"She was a slim, supple creature, rather tall for her age, and had an intense, attractive little face. Her hair was heavy and quite black and only curled at the tips; her eyes were greenish gray, it is true, but they were big, wonderful eyes with long, black lashes, and though she herself did not like the color of them, many other people did."
Not quite the bonnie goldie-locks that is Shirley Temple, is it? Although Temple is undoubtedly adorable as the little princess, she is a little too much of a baby to portray the little girl in the book who never cries. 

Mary Nash as Miss Minchin

"She was very like her house, Sara felt: tall and dull, and respectable and ugly. She had large, cold, fishy eyes, and a large, cold, fishy smile. It spread itself into a very large smile when she saw Sara and Captain Crewe."
 I love Mary Nash (THE PHILADELPHIA STORY (1940)) too much to suggest that the above description describes her, but there is no doubt that her performance as Miss Minchin is one of the highlights of this film. I can draw no line of separation between the Miss Minchin of the book and Nash's characterization of her. Her role is very similar to the one she had played a couple years before as Fraulein Rottenmeier to Shirley Temple's HEIDI (1937). Indeed, some of the costumes she used in LITTLE PRINCESS  had also been worn for HEIDI.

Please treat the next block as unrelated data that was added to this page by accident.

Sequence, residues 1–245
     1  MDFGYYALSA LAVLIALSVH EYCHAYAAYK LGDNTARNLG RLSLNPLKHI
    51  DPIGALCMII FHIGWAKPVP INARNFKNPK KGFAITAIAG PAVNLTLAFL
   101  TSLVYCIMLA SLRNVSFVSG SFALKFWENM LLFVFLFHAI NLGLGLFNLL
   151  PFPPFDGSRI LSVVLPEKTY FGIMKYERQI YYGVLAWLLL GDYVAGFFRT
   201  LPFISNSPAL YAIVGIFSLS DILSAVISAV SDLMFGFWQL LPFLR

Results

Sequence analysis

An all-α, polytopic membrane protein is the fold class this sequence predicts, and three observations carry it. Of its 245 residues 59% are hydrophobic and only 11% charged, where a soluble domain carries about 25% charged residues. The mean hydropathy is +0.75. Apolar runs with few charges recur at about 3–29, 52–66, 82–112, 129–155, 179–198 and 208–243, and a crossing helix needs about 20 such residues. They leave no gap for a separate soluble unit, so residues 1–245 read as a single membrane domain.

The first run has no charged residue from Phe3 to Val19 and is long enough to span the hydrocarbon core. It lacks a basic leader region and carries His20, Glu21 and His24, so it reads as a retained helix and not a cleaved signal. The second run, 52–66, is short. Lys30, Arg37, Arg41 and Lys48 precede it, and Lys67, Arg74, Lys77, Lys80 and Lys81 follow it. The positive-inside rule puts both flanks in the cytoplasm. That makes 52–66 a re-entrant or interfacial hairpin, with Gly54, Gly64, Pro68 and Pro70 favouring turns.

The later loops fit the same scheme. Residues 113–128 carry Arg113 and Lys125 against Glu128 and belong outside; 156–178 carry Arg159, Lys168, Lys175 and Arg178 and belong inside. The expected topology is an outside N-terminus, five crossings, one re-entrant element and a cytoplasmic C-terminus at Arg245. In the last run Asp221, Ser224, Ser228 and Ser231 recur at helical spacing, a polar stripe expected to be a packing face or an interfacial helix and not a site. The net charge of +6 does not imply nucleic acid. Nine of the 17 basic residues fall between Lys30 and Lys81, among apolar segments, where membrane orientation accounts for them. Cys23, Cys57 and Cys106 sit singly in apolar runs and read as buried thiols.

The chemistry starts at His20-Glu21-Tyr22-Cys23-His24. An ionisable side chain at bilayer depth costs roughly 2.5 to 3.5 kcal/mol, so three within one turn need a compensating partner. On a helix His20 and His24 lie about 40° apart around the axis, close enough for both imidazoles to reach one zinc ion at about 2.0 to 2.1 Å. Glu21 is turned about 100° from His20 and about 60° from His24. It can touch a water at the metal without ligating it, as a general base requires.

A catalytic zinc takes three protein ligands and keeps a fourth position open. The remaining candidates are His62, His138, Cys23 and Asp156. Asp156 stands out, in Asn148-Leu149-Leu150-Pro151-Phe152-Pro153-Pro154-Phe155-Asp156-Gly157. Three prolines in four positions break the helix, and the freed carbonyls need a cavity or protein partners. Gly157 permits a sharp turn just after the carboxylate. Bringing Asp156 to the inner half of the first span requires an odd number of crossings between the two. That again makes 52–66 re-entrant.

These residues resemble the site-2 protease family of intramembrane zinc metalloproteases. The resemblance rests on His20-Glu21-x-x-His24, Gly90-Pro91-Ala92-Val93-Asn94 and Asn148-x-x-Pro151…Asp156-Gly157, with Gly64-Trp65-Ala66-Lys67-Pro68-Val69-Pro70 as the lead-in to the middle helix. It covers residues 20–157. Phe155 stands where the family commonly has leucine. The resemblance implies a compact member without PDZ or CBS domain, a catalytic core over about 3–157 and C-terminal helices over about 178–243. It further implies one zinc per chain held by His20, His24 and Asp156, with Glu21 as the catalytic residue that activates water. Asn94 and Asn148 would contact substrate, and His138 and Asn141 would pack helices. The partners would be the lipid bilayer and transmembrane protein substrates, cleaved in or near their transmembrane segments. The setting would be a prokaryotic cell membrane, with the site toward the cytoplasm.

Arthur Treacher as Bertie Minchin
I much prefer Bertie to Miss Amelia, Miss Minchin's goose of a sister in the book. He was also in HEIDI, and I will never tire of his song and dance numbers with Shirley Temple.

         Bertie: Today, my good woman, the British Army is behind me.

          Miss Minchin: Hubert, that uniform! You're not going to war?
          Bertie: Quite. To the very cannon's mouth, if need be!
          Miss Minchin: But why?
          Bertie: Because, old girl, I'm fed to the teeth with your bullying. And your treatment of Rose and little Sara is the last straw! I prefer the less painful horrors of the battlefield!
          Miss Minchin: Are you daring to criticise me?
          Bertie: Astonishing, isn't it? But it proves that I am competent to lead my men into the very jaws of death!

Cesar Romero as Ram Dass 
I just wanted to point out that Cesar Romero plays Ram Dass. An Indian. In a turban. With a parrot.